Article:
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The Emerald Engagement Ring in "Crazy Rich Asians" Has a Surprising Backstory

The extravagant piece is actually part of actress Michelle Yeoh's personal collection.

Digital Editorial Assistant

 

Crazy Rich Asians costume designer Mary Vogt already revealed that the movie's budget was surprisingly low considering the film's premise. Nevertheless, the team managed to pull together a seriously luxurious wardrobe. That included the crystal-covered wedding dress, which the team designed themselves, and a giant emerald engagement ring, which came from an unexpected source.

 

In the movie, Nicholas Young (Henry Golding) proposes to love interest Rachel Chu (Constance Wu) twice. The second engagement is the "official" one, since it symbolizes Young's critical family's approval of Chu. That's because the second ring is his mother, Eleanor's. As it turns out, actress Michelle Yeoh (who plays Eleanor), had a big hand in what that ring looked like.

 

RELATED: Emerald Engagement Rings for a One-of-a-Kind Bride

 

In an interview with Vulture, director Jon M. Chu revealed that the final piece wasn't the original prop choice. "We had a ring designed already," he explained, but Yeoh wasn't impressed. "Michelle was like, 'That cannot be the ring I wear,'" he shared. "I'm like, 'I know, I know. I'm so embarrassed by it, but we don't have the money.' She's like, 'I have a better ring than that.'" So, she lent the team an emerald and diamond accessory from her personal jewelry collection.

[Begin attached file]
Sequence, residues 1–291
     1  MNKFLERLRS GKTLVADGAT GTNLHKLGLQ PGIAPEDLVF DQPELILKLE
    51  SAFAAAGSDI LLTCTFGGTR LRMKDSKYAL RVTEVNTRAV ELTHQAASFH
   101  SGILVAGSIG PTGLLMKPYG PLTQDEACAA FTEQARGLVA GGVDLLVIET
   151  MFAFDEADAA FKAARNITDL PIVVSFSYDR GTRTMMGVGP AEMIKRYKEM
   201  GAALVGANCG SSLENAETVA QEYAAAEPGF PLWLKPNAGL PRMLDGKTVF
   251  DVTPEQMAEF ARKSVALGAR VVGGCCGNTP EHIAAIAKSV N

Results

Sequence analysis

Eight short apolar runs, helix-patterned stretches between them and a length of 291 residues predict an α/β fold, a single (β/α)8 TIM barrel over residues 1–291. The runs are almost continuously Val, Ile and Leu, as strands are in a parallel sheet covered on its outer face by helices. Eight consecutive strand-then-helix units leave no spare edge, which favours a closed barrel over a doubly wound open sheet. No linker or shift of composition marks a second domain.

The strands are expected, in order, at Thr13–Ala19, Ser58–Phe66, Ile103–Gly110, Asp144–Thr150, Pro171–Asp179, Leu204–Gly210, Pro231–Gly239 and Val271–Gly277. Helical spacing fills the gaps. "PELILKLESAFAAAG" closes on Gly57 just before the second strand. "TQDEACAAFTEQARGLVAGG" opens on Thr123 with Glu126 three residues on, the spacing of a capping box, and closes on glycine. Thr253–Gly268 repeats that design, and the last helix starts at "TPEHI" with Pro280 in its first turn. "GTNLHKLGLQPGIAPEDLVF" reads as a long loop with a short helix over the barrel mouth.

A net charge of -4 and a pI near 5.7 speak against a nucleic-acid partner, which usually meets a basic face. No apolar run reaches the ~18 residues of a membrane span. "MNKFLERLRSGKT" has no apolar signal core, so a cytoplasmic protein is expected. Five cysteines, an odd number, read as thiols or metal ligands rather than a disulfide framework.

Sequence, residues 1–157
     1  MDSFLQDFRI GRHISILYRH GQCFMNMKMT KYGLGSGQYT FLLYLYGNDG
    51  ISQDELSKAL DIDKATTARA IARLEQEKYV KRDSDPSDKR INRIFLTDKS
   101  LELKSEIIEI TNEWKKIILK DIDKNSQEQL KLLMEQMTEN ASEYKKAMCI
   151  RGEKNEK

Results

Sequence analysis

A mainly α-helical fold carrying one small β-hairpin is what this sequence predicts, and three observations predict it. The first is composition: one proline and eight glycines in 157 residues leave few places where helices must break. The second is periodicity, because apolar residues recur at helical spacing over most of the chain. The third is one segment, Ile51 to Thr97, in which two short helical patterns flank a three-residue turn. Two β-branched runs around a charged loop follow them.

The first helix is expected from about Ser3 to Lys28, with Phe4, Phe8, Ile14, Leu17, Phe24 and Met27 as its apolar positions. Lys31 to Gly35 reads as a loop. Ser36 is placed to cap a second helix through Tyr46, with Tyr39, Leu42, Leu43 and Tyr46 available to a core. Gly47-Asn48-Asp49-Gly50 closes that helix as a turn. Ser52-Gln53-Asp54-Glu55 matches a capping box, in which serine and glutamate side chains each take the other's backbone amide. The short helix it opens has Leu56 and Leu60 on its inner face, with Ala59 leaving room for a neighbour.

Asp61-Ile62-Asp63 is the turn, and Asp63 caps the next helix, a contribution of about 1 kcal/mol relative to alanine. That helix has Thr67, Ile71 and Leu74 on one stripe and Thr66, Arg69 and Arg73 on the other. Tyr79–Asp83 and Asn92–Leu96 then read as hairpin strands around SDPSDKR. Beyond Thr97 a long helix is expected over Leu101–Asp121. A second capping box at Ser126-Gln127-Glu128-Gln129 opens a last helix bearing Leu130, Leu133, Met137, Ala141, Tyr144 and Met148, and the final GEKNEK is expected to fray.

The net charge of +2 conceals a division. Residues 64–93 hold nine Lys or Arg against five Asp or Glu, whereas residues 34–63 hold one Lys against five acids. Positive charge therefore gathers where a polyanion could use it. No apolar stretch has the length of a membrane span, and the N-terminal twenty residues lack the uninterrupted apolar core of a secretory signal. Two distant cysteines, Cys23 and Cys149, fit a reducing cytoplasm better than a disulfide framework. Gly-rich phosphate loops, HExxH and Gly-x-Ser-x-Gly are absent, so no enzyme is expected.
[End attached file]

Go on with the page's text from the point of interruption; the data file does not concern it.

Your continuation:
The ring wasn't the only thing Chu changed at the last minute. He also revealed how the film's second proposal scene wound up diverging from the original script. "In the script, they're actually sitting next to each other. [Rachel] sits down in coach and doesn't realize that [Nick is] sitting right next to her. He puts down a paper, and he's just there," Chu explained. "I was like, this is problematic. I do not want another talking scene. We need energy, I need movement." So, he asked Golding to improvise and walk down the plane's aisle instead.

 

"He didn't think about the lines too much. The only direction was, 'You want to express how much you love her and that you dreamt of this moment the whole time,'" Chu recalled. According to him, Golding met the challenge. "It wasn't the perfect proposal, and that wasn't what was important; it was just those two, and that's what really helped with that scene," he shared. "You can have this picture-perfect proposal, but at the end of it, it's not any of that. It's what you feel, and the journey they went on."